“Do you salsa or merengue?” the emcee at El Tucán, a supper club in Miami, asked the dolled-up crowd one Saturday night, during its inaugural weekend last October. “Me either,” she said, winking. “This band will get you there.”
She was right. Soon, audience members were on their feet, swaying and twirling to the 11-piece Latin band, led by the Grammy winner Marlow Rosado. A few couples gave the professionals some competition, then cozied up in banquettes for tequila cocktails, ceviche and savory churros.
El Tucán, which opened in the bar-heavy Brickell neighborhood, styles itself as a throwback to another era, when you could see a variety show (feathered chorus girls, absurd clowns and show-stopping vocalists) while having an elegant meal. The lighting is sexily dim and the décor is full-blown retro glam: golden palm trees, crystal fixtures and tasseled lamps, and servers in tuxes with silk gardenia lapel pins.
For inspiration, an owner, Mathieu Massa, a Frenchman based in Miami, took his crew and creative team to Havana, twice. With the thawing of diplomatic relations, they hope to book more Cuban acts, like the singer Cucu Diamantes, who performed during Miami Art Basel. But, Mr. Massa noted proudly, “90 percent of our talent are local,” backed by Mr. Rosado’s house band.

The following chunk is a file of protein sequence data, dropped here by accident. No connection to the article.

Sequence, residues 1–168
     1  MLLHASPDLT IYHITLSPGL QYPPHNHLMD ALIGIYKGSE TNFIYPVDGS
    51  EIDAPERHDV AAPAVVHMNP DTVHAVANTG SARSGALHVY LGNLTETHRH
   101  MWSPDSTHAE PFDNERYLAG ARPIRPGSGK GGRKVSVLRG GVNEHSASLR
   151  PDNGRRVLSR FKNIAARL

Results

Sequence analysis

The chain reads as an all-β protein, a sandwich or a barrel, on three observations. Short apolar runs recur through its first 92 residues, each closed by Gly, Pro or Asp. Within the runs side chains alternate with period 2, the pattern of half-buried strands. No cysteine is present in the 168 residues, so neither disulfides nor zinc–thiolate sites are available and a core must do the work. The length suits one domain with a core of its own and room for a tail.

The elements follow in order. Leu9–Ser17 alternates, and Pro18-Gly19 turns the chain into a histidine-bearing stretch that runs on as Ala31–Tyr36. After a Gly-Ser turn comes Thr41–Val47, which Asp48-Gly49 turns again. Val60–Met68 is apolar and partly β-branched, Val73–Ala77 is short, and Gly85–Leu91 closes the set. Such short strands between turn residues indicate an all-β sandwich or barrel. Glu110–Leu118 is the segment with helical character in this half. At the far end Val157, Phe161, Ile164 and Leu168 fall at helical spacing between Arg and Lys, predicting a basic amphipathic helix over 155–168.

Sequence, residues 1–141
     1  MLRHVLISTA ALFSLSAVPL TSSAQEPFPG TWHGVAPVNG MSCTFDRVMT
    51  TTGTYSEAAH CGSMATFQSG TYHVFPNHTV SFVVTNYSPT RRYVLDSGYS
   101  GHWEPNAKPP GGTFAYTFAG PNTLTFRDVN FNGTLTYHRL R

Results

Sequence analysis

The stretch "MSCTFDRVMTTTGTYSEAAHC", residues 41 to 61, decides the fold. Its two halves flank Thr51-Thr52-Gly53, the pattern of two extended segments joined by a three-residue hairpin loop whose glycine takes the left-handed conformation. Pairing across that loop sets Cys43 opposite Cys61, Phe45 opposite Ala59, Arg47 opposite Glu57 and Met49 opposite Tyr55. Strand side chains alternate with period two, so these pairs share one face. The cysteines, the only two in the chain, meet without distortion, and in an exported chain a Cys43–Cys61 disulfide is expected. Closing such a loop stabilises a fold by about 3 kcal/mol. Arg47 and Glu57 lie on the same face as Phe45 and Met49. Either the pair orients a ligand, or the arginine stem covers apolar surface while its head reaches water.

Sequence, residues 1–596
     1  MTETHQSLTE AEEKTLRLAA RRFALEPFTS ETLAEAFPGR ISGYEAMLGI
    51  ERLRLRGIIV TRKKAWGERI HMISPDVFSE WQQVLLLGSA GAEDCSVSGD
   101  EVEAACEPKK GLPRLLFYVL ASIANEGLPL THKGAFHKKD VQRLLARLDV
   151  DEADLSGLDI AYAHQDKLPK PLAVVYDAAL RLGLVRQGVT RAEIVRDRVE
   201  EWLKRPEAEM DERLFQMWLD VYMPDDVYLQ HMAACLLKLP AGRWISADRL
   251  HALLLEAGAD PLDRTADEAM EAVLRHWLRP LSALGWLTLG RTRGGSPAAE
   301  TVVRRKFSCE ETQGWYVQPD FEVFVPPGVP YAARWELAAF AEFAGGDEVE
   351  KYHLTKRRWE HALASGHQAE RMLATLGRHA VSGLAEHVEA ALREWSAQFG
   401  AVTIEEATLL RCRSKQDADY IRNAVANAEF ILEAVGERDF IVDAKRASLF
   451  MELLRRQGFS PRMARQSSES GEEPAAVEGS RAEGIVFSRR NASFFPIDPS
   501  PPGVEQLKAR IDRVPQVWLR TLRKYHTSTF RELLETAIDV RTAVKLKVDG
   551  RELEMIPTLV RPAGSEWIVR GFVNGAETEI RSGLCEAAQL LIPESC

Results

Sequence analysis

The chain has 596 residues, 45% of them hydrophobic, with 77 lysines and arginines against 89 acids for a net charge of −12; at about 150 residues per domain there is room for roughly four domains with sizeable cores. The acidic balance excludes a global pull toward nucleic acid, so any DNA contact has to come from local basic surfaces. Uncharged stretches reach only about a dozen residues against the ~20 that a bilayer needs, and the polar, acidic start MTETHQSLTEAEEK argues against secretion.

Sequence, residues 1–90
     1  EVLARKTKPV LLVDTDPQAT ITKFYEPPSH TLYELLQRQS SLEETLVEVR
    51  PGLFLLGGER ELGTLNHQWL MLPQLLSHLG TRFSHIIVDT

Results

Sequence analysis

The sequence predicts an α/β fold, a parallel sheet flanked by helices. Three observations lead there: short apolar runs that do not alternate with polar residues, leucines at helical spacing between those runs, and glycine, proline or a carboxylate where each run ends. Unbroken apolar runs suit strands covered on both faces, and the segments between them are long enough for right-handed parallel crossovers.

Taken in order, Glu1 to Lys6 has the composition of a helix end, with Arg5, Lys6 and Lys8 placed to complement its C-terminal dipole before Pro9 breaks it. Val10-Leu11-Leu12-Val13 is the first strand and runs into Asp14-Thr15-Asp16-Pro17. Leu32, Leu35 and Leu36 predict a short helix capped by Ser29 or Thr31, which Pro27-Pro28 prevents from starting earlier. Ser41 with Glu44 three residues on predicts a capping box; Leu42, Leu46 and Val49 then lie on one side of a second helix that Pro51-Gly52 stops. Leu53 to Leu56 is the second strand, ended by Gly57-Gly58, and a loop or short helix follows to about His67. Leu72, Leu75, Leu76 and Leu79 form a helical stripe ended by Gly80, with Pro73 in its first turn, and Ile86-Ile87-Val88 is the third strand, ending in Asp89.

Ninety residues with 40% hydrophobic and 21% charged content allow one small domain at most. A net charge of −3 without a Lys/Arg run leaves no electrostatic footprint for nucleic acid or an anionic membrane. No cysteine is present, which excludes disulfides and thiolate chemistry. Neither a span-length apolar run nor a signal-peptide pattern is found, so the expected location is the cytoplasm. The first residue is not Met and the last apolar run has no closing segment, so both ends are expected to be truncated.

The New Zealand-born, French-trained chef, Jean Paul Lourdes, who did culinary research with the big-concept restaurateur Stephen Starr (Buddakan, Morimoto), also looked to local Cubano joints, and the cuisines of Mexico and Peru. Adding his own Asian-cooking background, he turned a roast pork dish into a global “suckling porquetta,” seasoned with Sichuan peppercorns, cooked sous-vide for 36 hours, then deep-fried and served with a choice of moles.
El Tucán’s $85 prix fixe menu changes weekly, but Mr. Lourdes was aware that it plays second billing to the entertainment. “We tried to make the flavor profile intense,” he said, “so that it almost pops in your mouth and surprises you, but not to distract you from the show.”
When I dipped in, with an intergenerational group on El Tucán’s second night in business, the vibe was sultry and luxe, like a Latin version of the Box, the sometimes raunchy New York cabaret. There are early and late seatings, and, for nondiners, an upstairs bar with a view of the stage and a V.I.P. area. We came for dessert — a faithful tres leches cake and an inventive, whimsical Mexican chocolate tasting — but soon, like everyone else, found ourselves dancing.
An earlier version of this article misstated the birthplace of the chef, Jean Paul Lourdes. Mr. Lourdes was born in New Zealand, not France, where he trained.